Close geographic proximity to health facilities does not necessarily translate to utilization of healthcare. Children under the age of five who live within a short distance of a number of health facilities within Kampala, including free government hospitals, are still dying. Recent studies indicate that the rates of child deaths are higher among the urban poor compared to those in rural areas (Bocquier, 2011; Kimani-Murage, 2014). Because of the lack of a death registry or consistent death audit process, the causes of death of these children remain un-investigated. Thus, it is not known why children under the age of 5 are dying in Kampala, even when they live within close proximity to health facilities. This study builds upon previous research using verbal and social autopsy (VASA) methodology to discern the biomedical cause as well as the sociodemographic, cultural and environmental causes of death of children under age 5 in the slum communities of Kampala. With increased rural-urban migration, it is increasingly important that we understand the health dynamics of urban poor children.
Furthermore, there has never been a verbal and social autopsy study exclusively targeting residents of urban slum communities in sub-Saharan Africa (SSA). Verbal autopsy instruments alone, without the social autopsy component, have been utilized in urban slum communities in SSA (Hutain, 2019). This study will contribute to existing scholarship and has the potential to inform how other similar urban settings can utilize community-based methods of death investigation among residents of informal settlements.
Advice for Potential Candidates
Invest time in the beginning to build a strong mentorship team. Before I started applying for the Fogarty, I reflected on my past research and global health experiences and outlined my priorities for the year. My prior experiences taught me that an excellent mentorship team can not only define the success of the project, but also often defines the success of my growth and learning from the project. Therefore, my priority was to find an excellent mentor first. Meeting with potential mentors was fun and exciting, but this process takes time. It can sometimes feel defeating if you don’t find the right fit immediately. Be patient. Try your best to know yourself, your needs and what you look for in a mentor. The up-front time investment will pay off in the long run.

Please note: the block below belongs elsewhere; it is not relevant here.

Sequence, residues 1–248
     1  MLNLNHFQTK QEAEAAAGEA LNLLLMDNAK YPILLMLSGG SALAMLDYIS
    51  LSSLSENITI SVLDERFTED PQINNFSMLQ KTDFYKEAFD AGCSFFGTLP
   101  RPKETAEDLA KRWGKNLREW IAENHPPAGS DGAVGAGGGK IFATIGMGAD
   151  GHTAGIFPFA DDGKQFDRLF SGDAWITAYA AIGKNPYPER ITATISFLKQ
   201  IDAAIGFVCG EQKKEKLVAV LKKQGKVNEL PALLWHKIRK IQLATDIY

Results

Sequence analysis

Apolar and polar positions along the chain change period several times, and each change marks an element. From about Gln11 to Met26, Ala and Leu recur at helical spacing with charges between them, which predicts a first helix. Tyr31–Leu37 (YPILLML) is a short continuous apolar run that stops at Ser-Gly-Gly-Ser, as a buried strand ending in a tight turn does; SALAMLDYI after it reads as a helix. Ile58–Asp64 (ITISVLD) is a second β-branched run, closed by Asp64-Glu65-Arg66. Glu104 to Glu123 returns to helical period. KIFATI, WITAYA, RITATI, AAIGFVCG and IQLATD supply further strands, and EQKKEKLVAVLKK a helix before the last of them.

- Peter Waiswa, MD, PhD, MPH, Associate Professor, Department of Health Policy, Planning, and Management, School of Public Health, Makerere University, Kampala Uganda
- Cheryl A. Moyer, PhD, MPH, Associate Professor, Departments of Learning Health Sciences and OB/GYN, University of Michigan, Ann Arbor, Michigan, USA
- Joseph Kolars, MD, Senior Associate Dean for Education and Global Initiatives, Professor of Health Professions Education, University of Michigan Medical School, Ann Arbor, Michigan, USA